Ben Amar, supra note 27 (citing P.F. Consroe, et al., “Anticonvulsant Nature of Marihuana Smoking,” JAMA, Vol. 234, No. 3 (1975): 306-307; J.M. Ellison, et al., “Complex Partial Seizure Symptoms Affected by Marijuana Abuse,” Journal of Clinical Psychiatry, Vol. 51, No. 10 (1990):439-440; L. Grinspoon and J.B. Bakalar, Marihuana. The Forbidden Medicine (Yale University Press 1997); and R.J. Gurley, et al., “Medicinal Marijuana: A Comprehensive Review,” Journal of Psychoactive Drugs, Vol. 30, No. 2 (1998): 137-147).
 Mayo Clinic, “Marijuana as Medicine: Consider the Pros and Cons,” supra note 23.
 Id.; AMA Council on Scientific Affairs, “Featured Report: Medical Marijuana,” supra note 12.
 Medicines and Health Care Products Regulatory Agency, “Public Information Report on Sativex Oromucosal Spray,” http://www.mhra.gov.uk/NewsCentre/CON2033380 (accessed May 15, 2009) (reporting that Sativex reaches its peak level within two to four hours).
 AMA Council on Scientific Affairs, “Featured Report: Medical Marijuana,” supra note 12 (noting with approval the ability of patients using smoked marijuana to titrate their dosage according to need).
 Jill U. Adams, “Pro: Marijuana Use for Chronic Pain and Nausea,” L.A. Times (August 18, 2008) (according to Dr. Igor Grant, the Director of California’s Center for Medicinal Cannabis Research, Marinol’s “absorption is highly variable and unpredictable and often delayed[.]”).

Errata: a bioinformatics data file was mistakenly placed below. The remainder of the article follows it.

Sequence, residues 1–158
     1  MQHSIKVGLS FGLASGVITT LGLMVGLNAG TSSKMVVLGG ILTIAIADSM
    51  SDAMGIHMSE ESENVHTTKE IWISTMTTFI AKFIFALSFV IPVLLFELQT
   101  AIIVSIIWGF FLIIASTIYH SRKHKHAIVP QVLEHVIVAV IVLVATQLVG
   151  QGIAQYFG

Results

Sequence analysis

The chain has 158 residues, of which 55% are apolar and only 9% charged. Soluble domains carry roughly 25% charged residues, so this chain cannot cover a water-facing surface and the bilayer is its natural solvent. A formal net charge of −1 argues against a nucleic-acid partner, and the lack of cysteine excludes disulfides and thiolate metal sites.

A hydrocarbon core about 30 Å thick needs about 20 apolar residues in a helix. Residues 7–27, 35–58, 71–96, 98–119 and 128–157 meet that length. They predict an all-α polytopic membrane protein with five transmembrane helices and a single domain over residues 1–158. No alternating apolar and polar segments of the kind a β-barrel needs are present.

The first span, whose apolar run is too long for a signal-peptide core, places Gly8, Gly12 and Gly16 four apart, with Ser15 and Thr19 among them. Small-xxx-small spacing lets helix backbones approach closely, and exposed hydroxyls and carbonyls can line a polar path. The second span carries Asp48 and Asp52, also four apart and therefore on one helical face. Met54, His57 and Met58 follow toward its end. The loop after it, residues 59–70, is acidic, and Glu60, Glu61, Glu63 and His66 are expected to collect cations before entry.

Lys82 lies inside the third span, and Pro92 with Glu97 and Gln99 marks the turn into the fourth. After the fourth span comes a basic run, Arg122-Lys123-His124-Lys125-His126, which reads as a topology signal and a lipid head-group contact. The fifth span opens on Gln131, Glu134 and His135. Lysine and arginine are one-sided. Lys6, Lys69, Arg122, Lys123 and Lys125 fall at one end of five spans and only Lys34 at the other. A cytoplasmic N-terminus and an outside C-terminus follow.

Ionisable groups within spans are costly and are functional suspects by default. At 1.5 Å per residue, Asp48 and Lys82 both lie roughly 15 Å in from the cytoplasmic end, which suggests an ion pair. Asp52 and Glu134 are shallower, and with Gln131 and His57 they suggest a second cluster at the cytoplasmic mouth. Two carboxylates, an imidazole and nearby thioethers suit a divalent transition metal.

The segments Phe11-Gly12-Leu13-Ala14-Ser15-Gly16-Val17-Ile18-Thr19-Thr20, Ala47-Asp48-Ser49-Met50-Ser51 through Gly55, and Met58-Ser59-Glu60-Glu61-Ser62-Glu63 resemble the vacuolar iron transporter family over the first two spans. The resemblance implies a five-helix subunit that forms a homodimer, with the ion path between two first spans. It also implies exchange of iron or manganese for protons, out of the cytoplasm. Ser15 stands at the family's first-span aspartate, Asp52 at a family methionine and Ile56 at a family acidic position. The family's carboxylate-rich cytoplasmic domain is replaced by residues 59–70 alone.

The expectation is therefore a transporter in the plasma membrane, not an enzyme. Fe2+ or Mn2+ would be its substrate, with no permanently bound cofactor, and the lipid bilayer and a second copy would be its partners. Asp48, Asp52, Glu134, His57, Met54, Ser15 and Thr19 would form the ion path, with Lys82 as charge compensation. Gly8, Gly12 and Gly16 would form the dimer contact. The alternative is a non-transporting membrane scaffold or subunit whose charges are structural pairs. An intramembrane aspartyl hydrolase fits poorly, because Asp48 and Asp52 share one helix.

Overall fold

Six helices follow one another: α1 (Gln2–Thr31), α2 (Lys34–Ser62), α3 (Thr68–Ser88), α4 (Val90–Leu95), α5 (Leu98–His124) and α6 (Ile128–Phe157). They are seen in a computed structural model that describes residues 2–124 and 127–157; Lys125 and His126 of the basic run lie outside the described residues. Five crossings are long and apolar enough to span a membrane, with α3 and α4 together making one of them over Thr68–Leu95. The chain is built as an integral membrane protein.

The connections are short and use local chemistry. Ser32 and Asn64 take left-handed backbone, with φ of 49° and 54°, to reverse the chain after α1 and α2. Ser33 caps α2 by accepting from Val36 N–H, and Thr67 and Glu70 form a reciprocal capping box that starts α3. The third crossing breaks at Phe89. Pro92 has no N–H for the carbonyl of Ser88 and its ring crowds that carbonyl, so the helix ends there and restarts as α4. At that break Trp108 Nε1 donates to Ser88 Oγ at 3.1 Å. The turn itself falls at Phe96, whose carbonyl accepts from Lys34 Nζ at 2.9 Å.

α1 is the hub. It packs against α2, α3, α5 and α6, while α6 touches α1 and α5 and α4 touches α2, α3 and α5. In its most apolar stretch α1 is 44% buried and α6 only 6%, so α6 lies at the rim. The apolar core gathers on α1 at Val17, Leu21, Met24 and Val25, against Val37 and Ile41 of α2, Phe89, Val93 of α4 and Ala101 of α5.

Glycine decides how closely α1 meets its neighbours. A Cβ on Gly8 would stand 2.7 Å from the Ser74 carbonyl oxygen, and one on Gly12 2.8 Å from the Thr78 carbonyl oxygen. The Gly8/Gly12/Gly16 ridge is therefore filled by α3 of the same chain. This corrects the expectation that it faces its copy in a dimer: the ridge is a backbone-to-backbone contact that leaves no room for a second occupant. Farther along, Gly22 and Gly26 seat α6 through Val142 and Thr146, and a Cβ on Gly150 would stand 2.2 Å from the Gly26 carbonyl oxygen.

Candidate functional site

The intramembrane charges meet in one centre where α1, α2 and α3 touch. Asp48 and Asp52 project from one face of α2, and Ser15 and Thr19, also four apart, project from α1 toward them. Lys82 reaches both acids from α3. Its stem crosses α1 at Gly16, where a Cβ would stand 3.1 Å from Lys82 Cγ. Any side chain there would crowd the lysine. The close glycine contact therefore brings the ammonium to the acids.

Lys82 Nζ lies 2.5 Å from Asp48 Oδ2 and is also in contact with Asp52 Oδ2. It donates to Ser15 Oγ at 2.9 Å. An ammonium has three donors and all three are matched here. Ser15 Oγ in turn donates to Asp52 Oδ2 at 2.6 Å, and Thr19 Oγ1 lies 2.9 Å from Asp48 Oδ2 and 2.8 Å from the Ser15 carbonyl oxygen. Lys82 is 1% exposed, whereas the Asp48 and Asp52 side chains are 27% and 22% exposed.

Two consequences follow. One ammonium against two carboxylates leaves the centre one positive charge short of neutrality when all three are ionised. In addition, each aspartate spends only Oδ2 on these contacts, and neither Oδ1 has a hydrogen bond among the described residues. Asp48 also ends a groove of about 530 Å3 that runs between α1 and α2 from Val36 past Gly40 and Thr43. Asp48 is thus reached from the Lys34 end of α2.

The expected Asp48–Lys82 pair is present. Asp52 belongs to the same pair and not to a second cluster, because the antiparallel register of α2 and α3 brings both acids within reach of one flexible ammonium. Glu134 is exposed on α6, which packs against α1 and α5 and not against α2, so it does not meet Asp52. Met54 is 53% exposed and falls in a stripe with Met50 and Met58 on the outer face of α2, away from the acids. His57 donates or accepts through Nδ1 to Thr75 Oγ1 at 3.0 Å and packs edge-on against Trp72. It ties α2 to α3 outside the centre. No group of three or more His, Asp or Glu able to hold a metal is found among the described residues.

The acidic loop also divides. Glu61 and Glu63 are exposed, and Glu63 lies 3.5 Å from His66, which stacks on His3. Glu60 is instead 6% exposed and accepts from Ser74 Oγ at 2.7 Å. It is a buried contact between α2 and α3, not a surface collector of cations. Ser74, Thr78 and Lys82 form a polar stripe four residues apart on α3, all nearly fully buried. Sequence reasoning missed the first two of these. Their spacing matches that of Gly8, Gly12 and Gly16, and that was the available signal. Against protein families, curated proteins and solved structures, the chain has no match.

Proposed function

American College of Physicians, “Supporting Research into the Therapeutic Role of Marijuana” supra note 2 at 5.
 AMA Council on Scientific Affairs, “Featured Report: Medical Marijuana,” supra note 12.
American College of Physicians, “Supporting Research into the Therapeutic Role of Marijuana” supra note 2 at 6.
 Institute of Medicine, “Marijuana and Medicine: Assessing the Science Base” supra note 1 at 5 (“[E]xcept for the harms associated with smoking, adverse effects of marijuana use are within the range of effects tolerated for other medications.”)
 Patients may be able to reduce their risk through the use of a vaporizer device which heats marijuana to a temperature hot enough to vaporize the cannabinoids contained in the plant material without causing combustion with all of its toxic byproducts. Donald I. Abrams, et al., “Vaporization as a Smokeless Cannabis Delivery System: A Pilot Study,” Clinical Pharmacology & Therapeutics, Vol. 82, No. 5 (2007): 572-578.
 Karen O’Keefe, et al., “Marijuana Use by Young People: The Impact of State Medical Marijuana Laws,” Marijuana Policy Project Foundation (2008).
 Id. (citing California Office of the Attorney General, “Eighth Biennial California Student Survey,” Tables 5 and 9; California Office of the Attorney General, “11th Biennial California Student Survey,” Tables 2.1, 2.2, 2.3, 2.8, and 2.12).
 Cal. Health and Safety Code §11362.5 (b)(1)(A).
 Other medical conditions can only be added by DHSS regulation.